As we've been saying, migration explains the life expectancy puzzle

For a number of years now we've been trying to beat into the general consciousness something very important about life expectancy figures. No one, ever, measures the age at which people born in a particular place die. What is measured is the age at which people living in a place at the time of their death die. This is an important distinction.

Retirement towns (say, Bournemouth, just to use a cliche) have people who have survived to 65 to retire moving to them. This then raises the average age of death there by the leaving out of the figures of those who die before 65. Actual retirement communities - such as exist in parts of Florida say - will have vastly higher average ages at death than intensive care units for premature babies. Put that way it just seems obvious yet all too few manage to grasp the implication.

That implication being that migration matters and matters hugely. Anne Case and Angus Deaton famously found that Appalachian life expectancies were falling. That's also an area going through depopulation, near all of those who manage to go away to college don't return. Yes, those who go to college tend to have longer lifespans than those who don't. It could, of course, still be true that lifespans of all of that original population are falling but we must at least work out whether it is simply this migration of the likelier to be longer lived portion causing the observed effect.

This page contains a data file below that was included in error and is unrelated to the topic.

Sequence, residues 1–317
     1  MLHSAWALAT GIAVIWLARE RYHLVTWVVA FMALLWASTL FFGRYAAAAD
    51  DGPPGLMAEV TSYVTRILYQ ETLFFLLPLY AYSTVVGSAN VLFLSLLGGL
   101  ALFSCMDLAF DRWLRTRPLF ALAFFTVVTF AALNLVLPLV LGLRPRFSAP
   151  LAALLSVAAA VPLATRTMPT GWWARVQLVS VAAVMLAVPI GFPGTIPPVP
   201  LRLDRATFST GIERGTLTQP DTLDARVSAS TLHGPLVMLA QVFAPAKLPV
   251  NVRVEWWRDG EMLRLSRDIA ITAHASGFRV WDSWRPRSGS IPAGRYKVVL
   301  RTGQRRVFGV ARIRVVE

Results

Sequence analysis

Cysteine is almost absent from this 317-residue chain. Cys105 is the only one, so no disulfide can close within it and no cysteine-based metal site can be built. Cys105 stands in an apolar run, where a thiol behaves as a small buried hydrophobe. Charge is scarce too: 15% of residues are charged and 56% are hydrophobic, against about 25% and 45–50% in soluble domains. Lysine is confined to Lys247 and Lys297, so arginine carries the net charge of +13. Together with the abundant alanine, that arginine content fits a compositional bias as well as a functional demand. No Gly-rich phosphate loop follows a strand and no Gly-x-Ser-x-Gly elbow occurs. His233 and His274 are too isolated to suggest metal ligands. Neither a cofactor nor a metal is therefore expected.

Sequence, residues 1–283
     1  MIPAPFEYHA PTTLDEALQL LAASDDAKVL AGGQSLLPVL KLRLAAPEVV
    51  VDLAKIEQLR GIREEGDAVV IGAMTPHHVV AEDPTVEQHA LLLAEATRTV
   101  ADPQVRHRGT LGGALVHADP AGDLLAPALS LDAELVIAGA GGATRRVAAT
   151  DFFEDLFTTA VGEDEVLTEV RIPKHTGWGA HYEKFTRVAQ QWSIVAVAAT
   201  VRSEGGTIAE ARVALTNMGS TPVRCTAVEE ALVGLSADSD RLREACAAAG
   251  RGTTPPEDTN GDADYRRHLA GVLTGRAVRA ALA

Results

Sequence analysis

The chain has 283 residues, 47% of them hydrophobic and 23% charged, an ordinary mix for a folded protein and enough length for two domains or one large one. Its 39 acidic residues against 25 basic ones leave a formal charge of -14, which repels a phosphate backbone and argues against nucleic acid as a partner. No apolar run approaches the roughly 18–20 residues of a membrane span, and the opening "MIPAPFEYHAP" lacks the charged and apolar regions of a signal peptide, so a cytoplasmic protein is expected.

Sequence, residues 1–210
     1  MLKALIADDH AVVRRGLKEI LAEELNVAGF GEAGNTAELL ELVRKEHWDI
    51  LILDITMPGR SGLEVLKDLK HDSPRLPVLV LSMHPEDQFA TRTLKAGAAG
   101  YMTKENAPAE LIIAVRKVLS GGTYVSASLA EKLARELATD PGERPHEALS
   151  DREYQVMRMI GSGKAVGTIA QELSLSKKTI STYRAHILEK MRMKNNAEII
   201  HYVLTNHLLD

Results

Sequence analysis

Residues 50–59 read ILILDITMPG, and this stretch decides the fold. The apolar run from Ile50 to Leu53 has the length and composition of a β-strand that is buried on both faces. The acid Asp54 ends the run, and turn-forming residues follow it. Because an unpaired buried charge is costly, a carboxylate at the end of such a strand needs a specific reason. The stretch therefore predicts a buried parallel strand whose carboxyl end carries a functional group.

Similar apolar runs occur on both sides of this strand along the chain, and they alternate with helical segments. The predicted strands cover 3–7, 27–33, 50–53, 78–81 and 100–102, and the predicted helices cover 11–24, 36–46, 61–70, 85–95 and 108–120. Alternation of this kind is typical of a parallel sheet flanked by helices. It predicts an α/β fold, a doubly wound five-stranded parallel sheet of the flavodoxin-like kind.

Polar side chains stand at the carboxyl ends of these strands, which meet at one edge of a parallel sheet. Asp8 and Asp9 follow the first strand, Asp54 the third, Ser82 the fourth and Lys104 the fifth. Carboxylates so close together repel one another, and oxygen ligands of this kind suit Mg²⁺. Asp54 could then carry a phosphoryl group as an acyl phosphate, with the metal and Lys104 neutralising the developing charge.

At which point, something from ONS about the UK's regional disparities

The fact that, nationally, life expectancy is increasing makes the decrease in the most deprived parts of England and Wales all the crueller. This contrast had already caught my attention when I stumbled across the sentence mentioned at the start of this column. It’s to be found in the section of the ONS report headlined “London has experienced the most rapid increase in newborn life expectancy”. Discussing reasons, the report’s authors remark: “It is also possible that there is a selective migration of healthy individuals from deprived areas to London for employment or other economic reasons.”

What we do about some perceived or measured problem depends upon what is causing it. If it is simply this internal migration then what should, could, or what would we even want to do about it? 

Or as we might put it, we know that a modicum of exercise increases lifespan. What should we do if getting on your bike to look for work is what is producing these longer spans?